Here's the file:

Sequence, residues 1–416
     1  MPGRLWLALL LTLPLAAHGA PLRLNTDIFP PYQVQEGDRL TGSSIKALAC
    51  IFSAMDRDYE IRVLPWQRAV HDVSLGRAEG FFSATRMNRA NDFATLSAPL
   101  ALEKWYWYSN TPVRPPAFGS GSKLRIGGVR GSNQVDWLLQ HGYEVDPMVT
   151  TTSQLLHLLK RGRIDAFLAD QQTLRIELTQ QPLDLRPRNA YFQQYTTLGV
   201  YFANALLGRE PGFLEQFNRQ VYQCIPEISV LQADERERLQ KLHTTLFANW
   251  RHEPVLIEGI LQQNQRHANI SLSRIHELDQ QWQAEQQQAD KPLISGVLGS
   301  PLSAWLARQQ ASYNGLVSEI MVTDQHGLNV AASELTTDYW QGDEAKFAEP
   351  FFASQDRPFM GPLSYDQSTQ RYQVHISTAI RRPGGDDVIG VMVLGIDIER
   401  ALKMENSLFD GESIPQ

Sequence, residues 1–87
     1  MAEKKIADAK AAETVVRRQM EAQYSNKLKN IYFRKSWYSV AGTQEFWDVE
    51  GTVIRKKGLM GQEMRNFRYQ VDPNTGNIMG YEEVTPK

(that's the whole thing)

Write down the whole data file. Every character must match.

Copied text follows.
Sequence, residues 1–416
     1  MPGRLWLALL LTLPLAAHGA PLRLNTDIFP PYQVQEGDRL TGSSIKALAC
    51  IFSAMDRDYE IRVLPWQRAV HDVSLGRAEG FFSATRMNRA NDFATLSAPL
   101  ALEKWYWYSN TPVRPPAFGS GSKLRIGGVR GSNQVDWLLQ HGYEVDPMVT
   151  TTSQLLHLLK RGRIDAFLAD QQTLRIELTQ QPLDLRPRNA YFQQYTTLGV
   201  YFANALLGRE PGFLEQFNRQ VYQCIPEISV LQADERERLQ KLHTTLFANW
   251  RHEPVLIEGI LQQNQRHANI SLSRIHELDQ QWQAEQQQAD KPLISGVLGS
   301  PLSAWLARQQ ASYNGLVSEI MVTDQHGLNV AASELTTDYW QGDEAKFAEP
   351  FFASQDRPFM GPLSYDQSTQ RYQVHISTAI RRPGGDDVIG VMVLGIDIER
   401  ALKMENSLFD GESIPQ

Sequence, residues 1–87
     1  MAEKKIADAK AAETVVRRQM EAQYSNKLKN IYFRKSWYSV AGTQEFWDVE
    51  GTVIRKKGLM GQEMRNFRYQ VDPNTGNIMG YEEVTPK